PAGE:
I hear always the admonishment of my friends:
"Bolt her in, constrain her!" But who will guard
the guardians? The wife plans ahead and begins with them!.
- Juvenal, Satire VI, (HT:Wikipedia)
The Washington Post reports this morning. The Securities and Exchange Commission is mounting an effort to charge four current and former senior executives from Fannie Mae and Freddie Mac for failing to properly disclose information about their mortgage portfolios to investors during the recent housing collapse. The Post describes this uncommon, yet welcome impetus towards law enforcement activity athwart corrupt financiers below.
The executives include former Fannie chief executive Daniel Mudd, former Freddie chief executive Richard Syron, former Freddie chief financial officer Anthony “Buddy” Piszel and current Freddie executive Donald Bisenius,…One of the chief allegations against Fannie executives is that it characterized mortgage loans as “prime” — meaning high-quality — when they should have been classified in a more risky category of loans. Meanwhile, Freddie executives are accused of not fully warning investors about the risks associated with subprime loans.
This is an obvious necessity, because Fannie Mae and Freddie Mac have kept a set of books that would have embarrassed the Green-Eyeshade Set over at Enron. According to Marketwatch.com, they developed a curious (meaning not quite as bad as Idi Amin munching your cousin, but of dubious ethical provenance) definition of “accumulated other comprehensive income (AOCI.) Marketwatch describes the Machiavellian Mumbo-Jumbo below.
To avoid recording a loss, says Barron's, Fannie Mae used a series of legal mechanisms to transfer negative numbers to its balance sheet under "accumulated other comprehensive income," or AOCI. The AOCI strategy lets Fannie Mae "burn off" losses over time. Without that, says Barron's, Fannie's 2002 earnings of $6.4 billion would have been overwhelmed by $8.9 billion in cash-flow hedging losses. Barron's says $3 billion in losses that were recognized in 2002-2003 "pale against" $19 billion paid to settle underwater interest-rate swaps in those years.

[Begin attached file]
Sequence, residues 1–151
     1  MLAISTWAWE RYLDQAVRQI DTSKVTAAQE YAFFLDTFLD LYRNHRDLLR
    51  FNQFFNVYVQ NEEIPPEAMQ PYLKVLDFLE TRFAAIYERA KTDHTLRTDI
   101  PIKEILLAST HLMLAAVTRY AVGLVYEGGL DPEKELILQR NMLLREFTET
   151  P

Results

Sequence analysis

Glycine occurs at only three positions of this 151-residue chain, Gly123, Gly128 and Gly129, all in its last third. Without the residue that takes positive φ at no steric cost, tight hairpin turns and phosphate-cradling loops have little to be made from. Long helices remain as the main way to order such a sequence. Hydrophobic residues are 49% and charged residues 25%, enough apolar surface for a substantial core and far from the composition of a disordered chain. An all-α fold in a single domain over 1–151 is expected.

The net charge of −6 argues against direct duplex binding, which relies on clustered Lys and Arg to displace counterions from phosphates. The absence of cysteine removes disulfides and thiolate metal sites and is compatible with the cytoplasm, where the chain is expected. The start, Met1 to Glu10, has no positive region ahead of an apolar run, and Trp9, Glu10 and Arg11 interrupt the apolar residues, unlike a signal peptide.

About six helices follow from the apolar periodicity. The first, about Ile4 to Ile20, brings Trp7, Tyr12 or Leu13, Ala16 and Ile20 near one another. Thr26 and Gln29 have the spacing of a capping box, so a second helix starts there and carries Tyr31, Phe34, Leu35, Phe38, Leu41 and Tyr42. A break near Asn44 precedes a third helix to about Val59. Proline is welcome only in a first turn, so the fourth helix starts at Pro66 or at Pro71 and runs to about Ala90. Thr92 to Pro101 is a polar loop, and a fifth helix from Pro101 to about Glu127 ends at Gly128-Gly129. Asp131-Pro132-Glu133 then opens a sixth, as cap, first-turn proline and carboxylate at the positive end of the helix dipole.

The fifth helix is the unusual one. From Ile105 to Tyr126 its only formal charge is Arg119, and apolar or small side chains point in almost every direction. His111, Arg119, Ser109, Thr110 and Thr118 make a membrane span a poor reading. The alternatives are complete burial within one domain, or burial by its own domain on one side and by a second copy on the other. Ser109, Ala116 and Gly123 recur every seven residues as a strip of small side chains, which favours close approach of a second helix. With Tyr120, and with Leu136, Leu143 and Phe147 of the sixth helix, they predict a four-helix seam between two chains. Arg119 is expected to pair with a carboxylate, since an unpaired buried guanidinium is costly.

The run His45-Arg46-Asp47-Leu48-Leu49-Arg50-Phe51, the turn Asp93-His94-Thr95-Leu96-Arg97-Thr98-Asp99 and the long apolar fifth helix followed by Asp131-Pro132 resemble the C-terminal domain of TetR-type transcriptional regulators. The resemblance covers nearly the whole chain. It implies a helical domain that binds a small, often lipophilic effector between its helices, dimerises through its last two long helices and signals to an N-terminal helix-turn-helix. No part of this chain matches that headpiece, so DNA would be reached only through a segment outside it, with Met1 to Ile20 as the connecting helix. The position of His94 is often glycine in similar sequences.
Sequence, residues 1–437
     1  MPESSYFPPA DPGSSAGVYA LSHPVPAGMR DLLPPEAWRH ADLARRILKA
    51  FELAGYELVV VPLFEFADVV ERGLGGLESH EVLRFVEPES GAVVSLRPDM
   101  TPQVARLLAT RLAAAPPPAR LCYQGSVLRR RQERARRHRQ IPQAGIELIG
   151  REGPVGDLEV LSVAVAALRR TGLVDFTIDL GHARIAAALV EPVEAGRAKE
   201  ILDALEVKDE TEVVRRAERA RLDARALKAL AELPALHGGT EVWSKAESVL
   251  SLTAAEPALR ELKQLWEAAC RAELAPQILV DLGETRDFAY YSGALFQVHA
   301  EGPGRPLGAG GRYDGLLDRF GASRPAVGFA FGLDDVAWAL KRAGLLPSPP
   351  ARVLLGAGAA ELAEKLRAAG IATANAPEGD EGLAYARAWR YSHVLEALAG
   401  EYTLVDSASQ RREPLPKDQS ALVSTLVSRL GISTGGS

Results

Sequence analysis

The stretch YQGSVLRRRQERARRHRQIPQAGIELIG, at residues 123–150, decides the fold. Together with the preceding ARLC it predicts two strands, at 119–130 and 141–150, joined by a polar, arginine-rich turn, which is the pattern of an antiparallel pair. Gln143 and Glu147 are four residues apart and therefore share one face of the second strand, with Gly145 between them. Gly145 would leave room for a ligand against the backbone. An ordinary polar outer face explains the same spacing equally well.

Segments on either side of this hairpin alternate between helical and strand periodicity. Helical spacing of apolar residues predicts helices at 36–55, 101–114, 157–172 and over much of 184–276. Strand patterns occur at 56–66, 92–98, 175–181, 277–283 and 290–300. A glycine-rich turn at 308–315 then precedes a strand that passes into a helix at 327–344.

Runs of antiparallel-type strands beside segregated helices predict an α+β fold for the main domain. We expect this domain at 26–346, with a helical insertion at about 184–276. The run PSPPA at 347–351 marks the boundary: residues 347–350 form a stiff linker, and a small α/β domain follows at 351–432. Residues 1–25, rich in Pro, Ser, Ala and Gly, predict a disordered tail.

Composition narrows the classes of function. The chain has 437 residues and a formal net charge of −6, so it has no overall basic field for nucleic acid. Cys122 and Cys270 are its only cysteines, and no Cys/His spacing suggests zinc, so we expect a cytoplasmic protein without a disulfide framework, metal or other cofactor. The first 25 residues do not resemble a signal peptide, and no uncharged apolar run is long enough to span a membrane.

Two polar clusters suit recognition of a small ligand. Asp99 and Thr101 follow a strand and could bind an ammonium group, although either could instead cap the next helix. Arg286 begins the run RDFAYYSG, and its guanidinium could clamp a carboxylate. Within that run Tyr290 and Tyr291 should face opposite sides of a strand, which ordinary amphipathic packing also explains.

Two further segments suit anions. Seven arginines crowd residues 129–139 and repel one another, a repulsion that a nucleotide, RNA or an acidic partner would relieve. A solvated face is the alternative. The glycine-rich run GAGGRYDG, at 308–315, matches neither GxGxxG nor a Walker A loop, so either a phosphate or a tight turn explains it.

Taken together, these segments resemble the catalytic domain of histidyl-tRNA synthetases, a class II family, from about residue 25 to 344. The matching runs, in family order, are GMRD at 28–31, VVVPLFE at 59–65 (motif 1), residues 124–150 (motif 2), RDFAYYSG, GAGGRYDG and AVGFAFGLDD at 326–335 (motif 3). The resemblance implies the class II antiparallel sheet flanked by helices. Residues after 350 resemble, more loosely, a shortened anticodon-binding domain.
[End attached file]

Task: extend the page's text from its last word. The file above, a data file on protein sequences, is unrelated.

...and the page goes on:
When cheerleaders for the state are forced to admit that somehow the operations in the Fannie Mae Regulatory Compliance Offices belie the very meaning of regulatory compliance, we are then treated to the tedious falsehood that Fannie Mae operated primarily as a private sector entity. This attempts to obfuscate the fact that by the late 1990’s and early 2000’s Fannie Mae and Freddie Mac were repeatedly used as lifestyle ATM’s by 3rd-rate bureaucratic hacks that make the job title Civil Servant seem like nothing better than Orwellian Oxymoron.
The parade of moral philosophers, through the hallowed gates of Fannie and Freddie, is both vast and iniquitous. Rahm Emanuel attended six meetings as a board member at Freddie Mac and pocketed a cool $320,000. The Talented and Loverly Jamie Gorelick, author of the infamous “Wall of Seperation” Memo, graced the Corporate Headquarters of Fannie Mae from 1997-2003 as a Vice Chairman.
I lack the civility to accurately describe how Former Clinton-era budget director; Franklin Raines, ran things at Fannie Mae. Visigoth Holiday is about the most work-safe term for his stewardship that I can come up with. Fool.com remains more cool and analytic.
Under Raines' leadership, Fannie overstated earnings by a stunning $10.6 billion, all the while paying Raines and his senior management team massive bonuses….All told, Raines pulled in some $90 million between 1998 and 2003, the majority from bonuses. And when OFHEO began to ask uncomfortable questions, Raines actively lobbied Congress to cut its funding. In April, Raines agreed to disburse $24 million for his role in the accounting "errors."
So FINALLY! AT LAST! The SEC has decided to move. As President Lincoln was said to have spoken once in exasperation, during the American Civil War, “If you don’t intend to use your army, may I please borrow it?!”
But here’s the punch line, and this one will just kill you - like Mayor Emanuel probably would if he had an ice-pick handy. Fannie and Freddie are now owned by the US Treasury. As part of the SEC legal actions, the SEC wants to hand out about $100M in fines. So if the US Treasury owns these two vast, numb suckage-vortices of villainy and corruption, and the SEC lays its vengeance upon them, guess who gets to pay the fines?
Do they confiscate Blarney Auld Christopher Dodd’s Wee Irish Cottage? Do they repossess Raines’ Big, Bad Lexus Infiniti? So how’s about checking Mayor Emanuel and Jamie Gorelick into one of those ethical rehab facilities known as a Federal penitentiary? Nope. And why is it always the same people laughing when I suggest these crazy things?
No, Ladies and Germs, if truth and justice is served, if the fulsome and scurvy malefactors are found guilty, the Treasury will disburse the $100M fine from one account to another. Oh, and by the way, that $100M will then tacked onto our colossal National Debt. They have to; in the name of good, honest accounting, of course! It would totally suck if nobody were to properly guard the guardians.